Dom Amore: UConn men’s hockey, trying to find itself in string of XL games, falls to BU in overtime

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The “Ice Bus” has been logging the miles, figuratively speaking. The UConn men’s hockey team has been on the road most of the first half of the season, so when its bus eased to a stop in the basement of the XL Center Friday, it was long awaited homecoming.

“When we have a decent crowd in the XL Center, it gives us a tremendous advantage,” coach Mike Cavanaugh said this week. “We feed off the energy of that crowd. our guys feel comfortable playing in the building. It’s built for hockey. It’s so steep, the noise and crowd and energy is awesome, it really is.”

If the Huskies are going to make their big move to the national stage, it’s likely to start here on Main and Trumbull, and now would be a good time. Their game against Boston University on Friday night was their first in Hartford since Nov. 27, and the first of four in a row at the XL Center.

And a decent crowd, 3,596, showed up Friday night during the semester break and waited patiently for something to cheer about. With 7:00 left in regulation, Chase Bradley scored to tie Boston University, assuring the Huskies at least one point in the Hockey East standings, but the Terriers sent them home unhappy when Jay O’Brien scored on a breakaway off the face-off, eight seconds into OT for a 2-1 victory.

“I’d say the fan’s got their money’s [worth] tonight,” Cavanaugh said. “I was pretty happy with the effort and the compete of our team for 60 minutes.. We went toe-to-toe with a top team in our league and it didn’t go our way tonight. We certainly played well enough to win.”

The goaltending was spectacular at both ends, with BU’s Drew Commesso, who has been selected for the Olympic team, making 25 saves and UConn’s Darion Hanson making 25, including an outstanding stop on O’Brien’s breakaway early in the third period.

A tough start to a stretch the Huskies have been struggling for. Their season, with 12 of the first 17 games on the road, has been a study in ups and downs, fits and starts. Since coming back from the long holiday break, week, made longer by the pandemic, UConn lost at No. 19 Harvard, then gained an exhilarating 5-4 victory at No. 18 Boston College on Kevin O’Neil’s last-minute goal last Sunday.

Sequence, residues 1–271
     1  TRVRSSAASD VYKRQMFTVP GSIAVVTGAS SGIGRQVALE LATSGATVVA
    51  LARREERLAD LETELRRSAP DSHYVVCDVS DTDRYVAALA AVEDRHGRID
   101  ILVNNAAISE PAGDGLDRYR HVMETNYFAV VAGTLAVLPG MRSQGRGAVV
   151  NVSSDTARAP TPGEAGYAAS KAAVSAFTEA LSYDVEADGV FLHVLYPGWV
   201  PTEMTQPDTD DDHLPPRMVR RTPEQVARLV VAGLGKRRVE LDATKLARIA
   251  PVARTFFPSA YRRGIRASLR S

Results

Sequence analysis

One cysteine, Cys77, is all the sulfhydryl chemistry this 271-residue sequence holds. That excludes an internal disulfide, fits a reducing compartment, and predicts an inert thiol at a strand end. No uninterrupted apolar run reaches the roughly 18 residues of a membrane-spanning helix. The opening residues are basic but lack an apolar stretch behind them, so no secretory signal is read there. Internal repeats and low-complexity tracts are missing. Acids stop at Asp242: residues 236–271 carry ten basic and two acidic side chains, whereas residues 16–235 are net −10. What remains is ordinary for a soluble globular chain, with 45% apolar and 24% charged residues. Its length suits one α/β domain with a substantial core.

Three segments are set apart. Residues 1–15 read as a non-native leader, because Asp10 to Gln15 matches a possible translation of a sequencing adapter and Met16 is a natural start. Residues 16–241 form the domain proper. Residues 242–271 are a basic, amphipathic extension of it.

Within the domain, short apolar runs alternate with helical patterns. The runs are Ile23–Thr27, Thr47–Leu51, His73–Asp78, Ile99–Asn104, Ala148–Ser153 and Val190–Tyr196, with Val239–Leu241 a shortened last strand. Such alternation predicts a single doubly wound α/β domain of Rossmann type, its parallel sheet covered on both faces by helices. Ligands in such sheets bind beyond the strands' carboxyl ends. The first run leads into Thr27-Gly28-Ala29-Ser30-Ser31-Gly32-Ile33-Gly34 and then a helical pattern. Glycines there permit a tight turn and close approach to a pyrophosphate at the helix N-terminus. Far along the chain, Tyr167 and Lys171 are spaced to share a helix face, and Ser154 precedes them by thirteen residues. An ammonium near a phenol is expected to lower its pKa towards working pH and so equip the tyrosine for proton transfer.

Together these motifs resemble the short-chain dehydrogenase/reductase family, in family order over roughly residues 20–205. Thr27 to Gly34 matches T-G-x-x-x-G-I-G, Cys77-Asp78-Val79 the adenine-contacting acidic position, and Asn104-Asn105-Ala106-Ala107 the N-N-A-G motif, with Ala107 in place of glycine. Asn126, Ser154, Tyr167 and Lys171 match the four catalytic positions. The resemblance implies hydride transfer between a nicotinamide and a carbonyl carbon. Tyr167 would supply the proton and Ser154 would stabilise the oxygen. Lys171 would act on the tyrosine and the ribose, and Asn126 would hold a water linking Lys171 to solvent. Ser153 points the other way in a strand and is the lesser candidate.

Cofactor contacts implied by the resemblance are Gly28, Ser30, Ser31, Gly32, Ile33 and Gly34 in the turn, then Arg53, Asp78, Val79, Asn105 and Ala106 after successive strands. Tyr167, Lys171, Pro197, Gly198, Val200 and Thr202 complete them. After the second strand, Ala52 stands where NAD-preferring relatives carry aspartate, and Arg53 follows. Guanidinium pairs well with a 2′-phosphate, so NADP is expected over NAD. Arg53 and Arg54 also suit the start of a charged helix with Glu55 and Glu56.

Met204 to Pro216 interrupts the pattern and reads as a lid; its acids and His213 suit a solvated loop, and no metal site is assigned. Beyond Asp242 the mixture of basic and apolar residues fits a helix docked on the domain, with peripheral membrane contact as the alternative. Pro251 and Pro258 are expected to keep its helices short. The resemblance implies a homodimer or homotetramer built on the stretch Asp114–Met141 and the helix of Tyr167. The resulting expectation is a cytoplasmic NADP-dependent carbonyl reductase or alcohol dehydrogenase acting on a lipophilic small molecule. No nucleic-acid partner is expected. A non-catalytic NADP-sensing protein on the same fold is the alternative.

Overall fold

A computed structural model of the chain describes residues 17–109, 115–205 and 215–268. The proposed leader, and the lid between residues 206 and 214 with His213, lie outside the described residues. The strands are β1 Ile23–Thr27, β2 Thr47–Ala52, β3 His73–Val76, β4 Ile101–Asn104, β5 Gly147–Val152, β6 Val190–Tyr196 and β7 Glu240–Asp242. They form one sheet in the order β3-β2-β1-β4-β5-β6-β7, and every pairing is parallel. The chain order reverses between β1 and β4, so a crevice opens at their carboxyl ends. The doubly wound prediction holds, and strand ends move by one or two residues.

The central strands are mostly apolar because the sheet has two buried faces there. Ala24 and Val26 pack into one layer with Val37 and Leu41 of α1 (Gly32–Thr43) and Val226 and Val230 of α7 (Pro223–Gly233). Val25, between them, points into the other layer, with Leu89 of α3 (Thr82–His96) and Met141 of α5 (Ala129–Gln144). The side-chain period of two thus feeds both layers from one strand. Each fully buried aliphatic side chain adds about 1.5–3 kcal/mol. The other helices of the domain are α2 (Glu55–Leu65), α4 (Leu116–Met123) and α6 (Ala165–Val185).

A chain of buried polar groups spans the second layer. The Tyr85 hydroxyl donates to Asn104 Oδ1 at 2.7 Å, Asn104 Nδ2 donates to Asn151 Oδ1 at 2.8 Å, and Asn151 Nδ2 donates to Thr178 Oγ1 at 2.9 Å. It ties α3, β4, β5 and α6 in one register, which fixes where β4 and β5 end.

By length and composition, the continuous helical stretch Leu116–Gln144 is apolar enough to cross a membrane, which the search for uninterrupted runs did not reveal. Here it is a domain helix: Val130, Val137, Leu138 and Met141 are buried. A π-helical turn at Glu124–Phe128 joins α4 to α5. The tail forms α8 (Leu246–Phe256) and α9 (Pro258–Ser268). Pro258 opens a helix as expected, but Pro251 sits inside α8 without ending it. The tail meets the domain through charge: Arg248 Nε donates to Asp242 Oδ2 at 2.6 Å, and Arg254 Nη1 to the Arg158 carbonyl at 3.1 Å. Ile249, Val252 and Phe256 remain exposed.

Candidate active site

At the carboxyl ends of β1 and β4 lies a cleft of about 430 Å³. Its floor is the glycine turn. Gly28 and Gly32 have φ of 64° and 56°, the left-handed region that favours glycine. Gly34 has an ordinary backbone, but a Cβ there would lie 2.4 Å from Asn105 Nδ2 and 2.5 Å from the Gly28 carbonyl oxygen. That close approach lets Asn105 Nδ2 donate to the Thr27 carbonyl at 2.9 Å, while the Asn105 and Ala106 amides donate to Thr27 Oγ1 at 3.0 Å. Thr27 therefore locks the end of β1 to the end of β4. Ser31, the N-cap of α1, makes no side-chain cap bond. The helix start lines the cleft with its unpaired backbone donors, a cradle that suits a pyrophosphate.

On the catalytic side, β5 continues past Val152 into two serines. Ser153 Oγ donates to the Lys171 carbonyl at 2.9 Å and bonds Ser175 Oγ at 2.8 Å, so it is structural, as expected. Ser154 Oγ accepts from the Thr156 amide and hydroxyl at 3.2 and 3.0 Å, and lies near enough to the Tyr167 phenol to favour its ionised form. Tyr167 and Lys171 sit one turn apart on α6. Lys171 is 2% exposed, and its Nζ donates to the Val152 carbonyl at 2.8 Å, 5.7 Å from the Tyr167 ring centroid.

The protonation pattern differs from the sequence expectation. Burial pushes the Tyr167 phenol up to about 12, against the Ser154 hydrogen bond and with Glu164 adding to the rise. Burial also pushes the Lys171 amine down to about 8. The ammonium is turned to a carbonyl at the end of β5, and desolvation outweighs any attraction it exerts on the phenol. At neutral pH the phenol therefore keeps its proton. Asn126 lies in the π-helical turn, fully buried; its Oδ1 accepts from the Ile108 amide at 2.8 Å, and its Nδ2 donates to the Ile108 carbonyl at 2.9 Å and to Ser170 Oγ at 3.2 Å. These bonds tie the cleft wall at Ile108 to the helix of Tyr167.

Then during the week they fell flat and lost at AIC. The Huskies 9-9-0 record, 6-5-0 in Hockey East, seems about right, promising but not there yet, just outside the national rankings.

“I told the kids, the first half of the year you can’t win any trophies,” Cavanaugh said, “but you can play yourself out of position for them. We played pretty well and put ourselves in contention. There are four majors we play for, the Connecticut Ice, the regular season Hockey East, the Hockey East championship and the national title. Right now, we’re still in position to win every one of those trophies.”

UConn is looking for more production from Jonny Evans, one of last season’s standouts, who had only two goals through 15 games. The Huskies do, however, have two on the Hobie Baker Award watch list, Ryan Tverberg and Jachym Kondelik, who assisted on Bradley’s goal.

“Consistently, Jachym’s been our best player all year long,” Cavanaugh said. “We think the world of him as a player. He’s certainly a kid we wouldn’t trade for anybody. Ryan’s had a breakout year, leading the league in scoring for a while.

However, as Cavanaugh pointed out, it’s way too early to think about end-of-season awards, with two solid months of hockey, and most of the conference schedule to be played. That’s where these next few weeks come in, as the home/road imbalance evens out.

UConn plays at the XL Center twice next weekend against New Hampshire, and again Jan. 25 vs. Merrimack. Then comes the Connecticut Ice Event, returning to Bridgeport, against Yale Jan. 29 and with Sacred Heart or Quinnipiac, ranked No. 2, on the Jan. 30.

Connecticut Ice was one of those events COVID took away in 2020 and 21, a platform for growing the game’s relevance and popularity in the state. As it restarts, Cavanaugh makes no secret of where he’d like to see it — in Hartford.

“One hundred percent,” he said. “Not only is it a great venue for it, it will draw bigger crowds and, especially with the way they’ve closed Pratt Street down, you’re giving people a venue to entertain themselves before and after games. I hope it goes [to XL] in the future, or at least that we try it in the future.”

After leaving Bridgeport this time, the Ice Bus returns to Hartford on Feb. 4 for a game against Providence.

That reads like an ideal itinerary for kick-starting a season, three weeks for UConn to address its flaws, translate its potential offensive firepower into goals, find its path to victories and develop an identity.

Dom Amore can be reached at damore@courant.com

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